In August and September, we gave several workshops and facilitated conversation circles around universities’ relationships with the fossil industry (“fossil ties”). Our workshops centered around how to map fossil ties at one’s university effectively and efficiently.
Our conversation circles begin with a discussion about the role of a university in society, and why working with universities is interesting to fossil fuel companies. In smaller groups, participants think through case studies based on real-life scenarios, for example: What if you are a researcher on a tenure track and are offered funding for your research project by a fossil fuel company? What are the benefits and risks of accepting or rejecting the money, and could there be alternatives? We ground the discussion in reality by looking at examples of fossil fuel industry influence at universities.
22 September 2023: We were invited to lead a conversation circle at the yearly opening of the Humanities Lab honours program at Leiden University, which has the theme ‘Environmental Humanities’. Among other insights, students proposed that there shouldn’t be a non-democratic party with a lot of power that can determine research directions, and that a solution could be a pool of money that external parties contribute to instead of funding projects directly.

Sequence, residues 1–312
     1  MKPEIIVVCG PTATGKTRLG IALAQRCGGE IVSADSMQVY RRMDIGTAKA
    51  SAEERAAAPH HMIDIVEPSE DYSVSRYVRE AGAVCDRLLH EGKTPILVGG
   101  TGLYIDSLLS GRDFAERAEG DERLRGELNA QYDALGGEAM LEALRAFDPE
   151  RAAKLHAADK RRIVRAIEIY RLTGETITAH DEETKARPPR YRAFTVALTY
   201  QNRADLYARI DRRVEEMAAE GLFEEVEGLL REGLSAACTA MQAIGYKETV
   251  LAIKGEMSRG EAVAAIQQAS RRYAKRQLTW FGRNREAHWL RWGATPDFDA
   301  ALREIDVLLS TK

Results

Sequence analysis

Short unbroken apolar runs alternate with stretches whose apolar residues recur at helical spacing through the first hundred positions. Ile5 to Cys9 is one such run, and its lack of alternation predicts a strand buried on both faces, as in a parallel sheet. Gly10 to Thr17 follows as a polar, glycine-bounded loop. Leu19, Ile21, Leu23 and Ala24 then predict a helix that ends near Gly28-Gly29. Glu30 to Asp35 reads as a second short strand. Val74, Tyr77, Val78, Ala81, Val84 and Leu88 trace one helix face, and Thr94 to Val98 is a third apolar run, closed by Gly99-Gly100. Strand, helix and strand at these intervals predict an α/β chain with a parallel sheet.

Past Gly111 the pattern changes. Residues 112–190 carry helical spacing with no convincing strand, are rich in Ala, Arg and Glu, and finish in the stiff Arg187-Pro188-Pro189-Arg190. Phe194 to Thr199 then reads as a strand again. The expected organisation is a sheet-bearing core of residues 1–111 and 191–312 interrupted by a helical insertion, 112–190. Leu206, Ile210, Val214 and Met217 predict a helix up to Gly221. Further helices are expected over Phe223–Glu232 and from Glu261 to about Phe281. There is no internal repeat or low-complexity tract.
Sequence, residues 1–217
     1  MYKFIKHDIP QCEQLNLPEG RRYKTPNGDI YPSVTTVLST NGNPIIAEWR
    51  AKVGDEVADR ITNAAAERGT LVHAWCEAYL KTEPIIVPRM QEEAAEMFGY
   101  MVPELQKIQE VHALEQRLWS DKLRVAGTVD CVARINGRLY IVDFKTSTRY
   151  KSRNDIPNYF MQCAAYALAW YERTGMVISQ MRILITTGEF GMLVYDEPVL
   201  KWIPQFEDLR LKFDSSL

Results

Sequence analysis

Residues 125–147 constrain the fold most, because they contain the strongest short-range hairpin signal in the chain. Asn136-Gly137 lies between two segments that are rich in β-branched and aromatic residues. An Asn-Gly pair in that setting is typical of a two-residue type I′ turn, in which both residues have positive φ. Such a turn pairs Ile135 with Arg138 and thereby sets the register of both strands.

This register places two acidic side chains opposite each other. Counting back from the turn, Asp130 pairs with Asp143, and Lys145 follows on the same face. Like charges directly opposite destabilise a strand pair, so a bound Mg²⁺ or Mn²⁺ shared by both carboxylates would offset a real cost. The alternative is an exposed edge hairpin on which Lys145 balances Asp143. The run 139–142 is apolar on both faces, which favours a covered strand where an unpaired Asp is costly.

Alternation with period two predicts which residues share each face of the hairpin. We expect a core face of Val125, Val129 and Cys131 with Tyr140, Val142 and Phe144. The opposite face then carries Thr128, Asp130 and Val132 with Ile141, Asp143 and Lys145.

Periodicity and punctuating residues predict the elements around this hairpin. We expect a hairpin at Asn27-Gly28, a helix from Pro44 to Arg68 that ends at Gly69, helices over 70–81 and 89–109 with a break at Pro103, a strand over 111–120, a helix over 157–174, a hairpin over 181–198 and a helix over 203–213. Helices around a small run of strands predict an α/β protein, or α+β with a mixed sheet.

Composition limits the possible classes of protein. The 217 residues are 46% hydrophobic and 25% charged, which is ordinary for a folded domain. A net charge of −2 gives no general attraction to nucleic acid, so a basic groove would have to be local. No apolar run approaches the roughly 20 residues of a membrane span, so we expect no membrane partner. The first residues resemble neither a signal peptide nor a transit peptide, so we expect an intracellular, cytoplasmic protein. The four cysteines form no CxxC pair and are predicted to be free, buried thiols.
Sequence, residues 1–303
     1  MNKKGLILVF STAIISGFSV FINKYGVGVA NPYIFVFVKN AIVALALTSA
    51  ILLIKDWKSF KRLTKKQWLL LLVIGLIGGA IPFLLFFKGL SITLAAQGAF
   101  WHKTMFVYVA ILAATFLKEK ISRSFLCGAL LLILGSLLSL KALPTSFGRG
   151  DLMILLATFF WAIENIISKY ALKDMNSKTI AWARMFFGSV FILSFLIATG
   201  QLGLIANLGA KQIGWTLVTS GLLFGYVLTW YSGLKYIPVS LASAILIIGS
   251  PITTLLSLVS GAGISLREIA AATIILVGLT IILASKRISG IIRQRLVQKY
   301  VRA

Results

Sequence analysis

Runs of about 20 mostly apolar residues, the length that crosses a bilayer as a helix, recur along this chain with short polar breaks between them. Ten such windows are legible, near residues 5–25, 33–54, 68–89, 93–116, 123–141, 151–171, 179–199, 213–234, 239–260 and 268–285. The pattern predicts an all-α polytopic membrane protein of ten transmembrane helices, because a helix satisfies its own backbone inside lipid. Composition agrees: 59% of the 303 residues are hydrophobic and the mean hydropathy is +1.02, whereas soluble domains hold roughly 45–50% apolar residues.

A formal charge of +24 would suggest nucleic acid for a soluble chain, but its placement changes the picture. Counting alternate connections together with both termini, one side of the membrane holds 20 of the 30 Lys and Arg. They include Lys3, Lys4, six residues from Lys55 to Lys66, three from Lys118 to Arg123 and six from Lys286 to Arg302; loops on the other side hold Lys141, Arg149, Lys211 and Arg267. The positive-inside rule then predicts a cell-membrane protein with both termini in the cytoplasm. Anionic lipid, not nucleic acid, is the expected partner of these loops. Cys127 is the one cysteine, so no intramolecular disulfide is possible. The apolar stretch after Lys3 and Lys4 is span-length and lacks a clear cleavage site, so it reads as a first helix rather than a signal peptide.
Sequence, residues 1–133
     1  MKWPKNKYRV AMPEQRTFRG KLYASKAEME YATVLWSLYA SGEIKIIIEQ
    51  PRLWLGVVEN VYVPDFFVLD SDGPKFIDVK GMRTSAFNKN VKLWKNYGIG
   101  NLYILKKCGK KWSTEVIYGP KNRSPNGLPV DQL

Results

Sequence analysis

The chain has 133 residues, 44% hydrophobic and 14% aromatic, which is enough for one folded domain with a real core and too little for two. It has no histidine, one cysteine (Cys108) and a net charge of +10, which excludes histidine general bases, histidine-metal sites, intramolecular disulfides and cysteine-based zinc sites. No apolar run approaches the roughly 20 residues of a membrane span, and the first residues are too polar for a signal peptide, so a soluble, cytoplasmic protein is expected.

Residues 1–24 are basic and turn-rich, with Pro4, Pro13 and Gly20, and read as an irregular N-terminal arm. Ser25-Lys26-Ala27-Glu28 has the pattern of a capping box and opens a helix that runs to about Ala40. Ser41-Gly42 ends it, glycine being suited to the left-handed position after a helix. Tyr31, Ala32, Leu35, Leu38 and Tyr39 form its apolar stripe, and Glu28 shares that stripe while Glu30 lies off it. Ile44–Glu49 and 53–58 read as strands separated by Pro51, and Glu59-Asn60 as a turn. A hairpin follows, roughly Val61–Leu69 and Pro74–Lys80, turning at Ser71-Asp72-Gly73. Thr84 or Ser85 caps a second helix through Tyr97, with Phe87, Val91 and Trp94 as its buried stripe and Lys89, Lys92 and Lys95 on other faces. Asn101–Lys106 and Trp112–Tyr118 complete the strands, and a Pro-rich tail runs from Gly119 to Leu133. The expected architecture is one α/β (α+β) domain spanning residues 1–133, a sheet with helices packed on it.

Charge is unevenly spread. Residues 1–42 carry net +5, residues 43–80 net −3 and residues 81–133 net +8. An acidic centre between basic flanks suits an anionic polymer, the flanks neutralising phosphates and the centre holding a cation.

We think this conversation circle gave the students a good preparation to participate in the debate about Leiden University’s fossil ties taking place on the 27th of August with students and staff.
9 August 2023: Our conversation circle at the No Borders Climate Camp in Basel also discussed ties to the military and border control – the subject of work by Mark Akkerman (Stop Wapenhandel and TNI). We learned that in Germany, several universities voluntary commit to engage exclusively in civil (i.e. non-military) research (‘Zivilklausel’). Could this be extended to include other industries as well?
5 August 2023: We led a conversation circle on ties between universities and the fossil industry at the System Change Camp in Hannover, Germany. We learned from African activists that the context around fossil collaborations matters for the decisions that one would take: for example, if you live in low-income country and a fossil company offers you a bursary, then of course you would accept since it provides you with good opportunities. In high-income countries, you have the privilege to deny such funding and still be able to make a living for yourself in a different way.
1 August 2023: We presented our new handbook for researching fossil ties to an international audience at the End Fossil congress. In our workshop, activists from Germany, the UK, Uganda, Czech Republic, and the Netherlands researched and analysed university fossil ties.
The night before, we played our pubquiz “Was it Shell or Mother Theresa?”, where groups had to quess who said a particular quote. The winners received posters of ‘Discourses of Climate Delay’ by Léonard
Chemineau, based on a publication of researchers of Cambridge University.